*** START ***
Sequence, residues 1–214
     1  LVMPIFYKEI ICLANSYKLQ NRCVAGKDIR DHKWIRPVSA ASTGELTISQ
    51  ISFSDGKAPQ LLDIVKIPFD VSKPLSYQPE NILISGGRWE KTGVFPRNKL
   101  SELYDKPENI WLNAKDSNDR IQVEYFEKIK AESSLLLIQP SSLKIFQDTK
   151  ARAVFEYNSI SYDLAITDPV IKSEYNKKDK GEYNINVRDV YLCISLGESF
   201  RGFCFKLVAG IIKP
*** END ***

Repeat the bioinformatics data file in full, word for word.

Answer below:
Sequence, residues 1–214
     1  LVMPIFYKEI ICLANSYKLQ NRCVAGKDIR DHKWIRPVSA ASTGELTISQ
    51  ISFSDGKAPQ LLDIVKIPFD VSKPLSYQPE NILISGGRWE KTGVFPRNKL
   101  SELYDKPENI WLNAKDSNDR IQVEYFEKIK AESSLLLIQP SSLKIFQDTK
   151  ARAVFEYNSI SYDLAITDPV IKSEYNKKDK GEYNINVRDV YLCISLGESF
   201  RGFCFKLVAG IIKP